ALH: Sigh. I would ask, if I was an American. Don’t know how I’d respond to a yes — and I come from a hunting culture and have handled plenty of guns.

JL: I ask, saying something like “you know how interested kids are at this age.” And he doesn’t go if I’m not comfortable with the answer. I also have a good long talk with him about what to do if the subject of seeing a gun comes up.

Even after reading the comments, I’m still not sure if it’s something I won’t feel awkward asking about, but it really is a question that shouldn’t be uncommon (“normalized”), and therefore shouldn’t be a question that anyone would find offensive. On the other hand, it makes me wonder how I would feel if a parent who was a hardcore NRA member refused to allow their child over to our house because I wouldn’t be the person willing to arm myself to save their baby in an event that would be a hundred (if not a thousand) times MORE unlikely than an accidental gun-inflicted injury.

And while we’re talking about accidents, it never occurred to me that we should have my son’s stimulants secured in a lock box, which we are now going to remedy. But what about the beer in the fridge? What about the carkeys on the hooks? What about the stairs to the basement? The toilets, kitchen knives and glassware? Sure, *I* know there’s a huge difference between a gun and a glass, but the difference comes in teaching Responsibility. For me, that is something I can teach and don’t have to have a gun in my hand to teach it. NOT talking about it isn’t going to make it go away or not happen, and that’s hard for me to remember because open discussions often feel as if I’m erasing innocence.

Tomorrow

Things have been not so good lately, but each time I sit down to draft it out, 600 words later I have deleted it and closed the window. One of my friends from Facebook posted on one of my wall updates how I never seem to be happy, and frankly, the words stung with their accuracy. I have not been happy.

It’s not because there is a sense of “buyer’s remorse” over our moving Doodicus from a private school to a public in the hopes he would have access to more…more what? Yeah, well, that’s hard to explain. And the remark about Buyer’s Remorse came from the psychologist, not from Sparring Partner, myself or Dood, but it kinda sums things up nicely.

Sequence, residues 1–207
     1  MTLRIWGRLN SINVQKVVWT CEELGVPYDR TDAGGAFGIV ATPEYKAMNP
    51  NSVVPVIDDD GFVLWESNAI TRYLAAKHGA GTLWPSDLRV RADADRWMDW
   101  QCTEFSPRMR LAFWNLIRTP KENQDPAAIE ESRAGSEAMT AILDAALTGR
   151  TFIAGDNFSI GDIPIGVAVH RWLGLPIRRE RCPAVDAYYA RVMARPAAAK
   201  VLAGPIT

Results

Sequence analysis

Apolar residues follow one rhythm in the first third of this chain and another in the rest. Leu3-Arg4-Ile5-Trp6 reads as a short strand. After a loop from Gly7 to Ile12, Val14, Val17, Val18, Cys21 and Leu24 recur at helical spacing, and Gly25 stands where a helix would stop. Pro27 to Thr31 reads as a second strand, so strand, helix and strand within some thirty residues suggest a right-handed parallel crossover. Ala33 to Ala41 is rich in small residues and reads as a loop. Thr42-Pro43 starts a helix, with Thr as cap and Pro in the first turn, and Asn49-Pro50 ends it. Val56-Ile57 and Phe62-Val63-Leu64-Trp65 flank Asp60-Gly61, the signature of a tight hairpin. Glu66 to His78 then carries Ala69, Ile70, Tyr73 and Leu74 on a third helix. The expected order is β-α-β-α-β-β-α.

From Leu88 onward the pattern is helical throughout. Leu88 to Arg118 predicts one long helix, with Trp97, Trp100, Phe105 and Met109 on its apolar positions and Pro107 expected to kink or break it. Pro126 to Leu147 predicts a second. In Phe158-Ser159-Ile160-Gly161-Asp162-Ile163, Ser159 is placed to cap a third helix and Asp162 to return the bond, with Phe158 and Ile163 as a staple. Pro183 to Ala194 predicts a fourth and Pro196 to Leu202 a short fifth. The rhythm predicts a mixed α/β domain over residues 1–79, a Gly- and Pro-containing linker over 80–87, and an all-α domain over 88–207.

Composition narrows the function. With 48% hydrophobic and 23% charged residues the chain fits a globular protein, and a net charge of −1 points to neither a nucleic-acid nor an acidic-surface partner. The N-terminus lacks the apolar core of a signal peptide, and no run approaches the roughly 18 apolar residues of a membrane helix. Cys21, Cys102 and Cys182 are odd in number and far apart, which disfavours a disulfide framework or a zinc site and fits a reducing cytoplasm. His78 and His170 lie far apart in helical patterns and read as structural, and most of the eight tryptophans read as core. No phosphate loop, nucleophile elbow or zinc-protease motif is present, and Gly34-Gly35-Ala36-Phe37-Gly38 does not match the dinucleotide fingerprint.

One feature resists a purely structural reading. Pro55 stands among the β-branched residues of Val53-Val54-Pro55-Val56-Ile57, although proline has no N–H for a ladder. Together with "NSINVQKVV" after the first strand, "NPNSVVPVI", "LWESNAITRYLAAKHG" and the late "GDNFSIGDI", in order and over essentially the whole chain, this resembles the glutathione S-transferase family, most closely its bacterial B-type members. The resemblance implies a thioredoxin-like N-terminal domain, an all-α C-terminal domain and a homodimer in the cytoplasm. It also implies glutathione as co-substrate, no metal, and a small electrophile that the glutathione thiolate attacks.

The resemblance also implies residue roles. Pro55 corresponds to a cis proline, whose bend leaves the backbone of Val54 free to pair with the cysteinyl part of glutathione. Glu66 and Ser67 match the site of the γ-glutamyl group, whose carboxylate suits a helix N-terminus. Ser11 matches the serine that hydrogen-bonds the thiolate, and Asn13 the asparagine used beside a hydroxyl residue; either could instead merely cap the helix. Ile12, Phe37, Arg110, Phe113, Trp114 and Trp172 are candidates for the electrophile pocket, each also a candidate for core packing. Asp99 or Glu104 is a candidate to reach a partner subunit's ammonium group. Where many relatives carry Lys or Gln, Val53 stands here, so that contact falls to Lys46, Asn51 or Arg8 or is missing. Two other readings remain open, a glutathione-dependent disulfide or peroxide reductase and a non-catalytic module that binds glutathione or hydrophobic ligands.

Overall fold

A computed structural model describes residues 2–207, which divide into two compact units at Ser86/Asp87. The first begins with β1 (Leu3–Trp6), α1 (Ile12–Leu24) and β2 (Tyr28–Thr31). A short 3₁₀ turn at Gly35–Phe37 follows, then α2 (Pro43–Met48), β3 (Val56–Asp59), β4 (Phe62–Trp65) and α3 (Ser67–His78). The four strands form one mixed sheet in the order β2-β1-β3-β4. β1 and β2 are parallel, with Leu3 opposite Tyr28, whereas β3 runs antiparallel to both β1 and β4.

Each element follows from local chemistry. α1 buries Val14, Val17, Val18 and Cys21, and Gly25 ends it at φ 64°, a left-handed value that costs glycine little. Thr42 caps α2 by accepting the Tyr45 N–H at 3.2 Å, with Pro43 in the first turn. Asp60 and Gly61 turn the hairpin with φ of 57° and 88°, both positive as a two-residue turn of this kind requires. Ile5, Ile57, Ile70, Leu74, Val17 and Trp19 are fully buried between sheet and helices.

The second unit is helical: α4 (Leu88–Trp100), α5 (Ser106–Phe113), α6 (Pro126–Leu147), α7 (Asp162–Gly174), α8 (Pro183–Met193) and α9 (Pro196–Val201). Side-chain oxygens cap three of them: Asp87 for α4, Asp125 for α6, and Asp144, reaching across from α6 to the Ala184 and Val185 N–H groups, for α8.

It’s not because Sparring Partner’s dad is slipping slowly away in a too-small nursing home room. The giant man whose presence in any room could not simply be ignored – not just because of his size – but because his distinct Bostonian voice could drown any cacophony of Midwesterners, has become an almost empty, cancer-riddled shell. Or that my mom’s Alzheimer’s is progressing in what seems like light-speed ever since Aitch started going to school and we see her less frequently. Talking with her about how the kids are adjusting to school, or the home projects, or just little stories about day-to-day happenings is like trying to write on a chalkboard in the middle of a rain shower.

My unhappiness is not because my son had a crisis that shook us all to our very quick; that incurred a standing appointment with the behavioral health department every other week, that made me ache to go back in time and tell him a thousand more times a day that we love him more than anything. I should have hugged him more even though he always wiggled or turned away. Especially when he wiggled and turned away.

It is that culmination of emotional weight and stress and a feeling your life is spinning wildly off course even though there was never a course to begin with to follow. I know it will slow down enough so I can catch my balance. Yesterdays always seem much simpler, and certainly less of a burden. They are the days that no longer have long lists of things to-do and the things un-done. They are just simply the days that were. Tomorrows are hard because they are filled with expectations, anticipations, dread and worry.

I am hoping just for better tomorrows. Maybe even happier.

Superficial

I can’t believe no one took the opportunity to call me paranoid.

I am just being paranoid about my kid getting some girl pregnant out of wedlock and the house going up in flames, right??

*********

The Corporate Office gave each satellite office surveys to hand out to their patients. Any comments shared on the surveys were released recently, and all were positive. Except this one: “The financial person was not nice. Superficially she was, but not really.”

I was especially wounded by this statement because of course I am that “financial person” (who probably also ensured their insurance company processed their claim appropriately. Asshole.). I don’t get it. Is that a legitimate complaint? Sure, I probably was being superficially nice because technically, that is part of my job. I wasn’t mean, per se, but maybe s/he didn’t like the fact I didn’t offer to call him/her up for lunch? Or that I didn’t flash some boob?? It would have made just as much sense if they had written: “The financial person was rude. Superficially she was not, but was really.” It just feels, oh I don’t know….Schizo.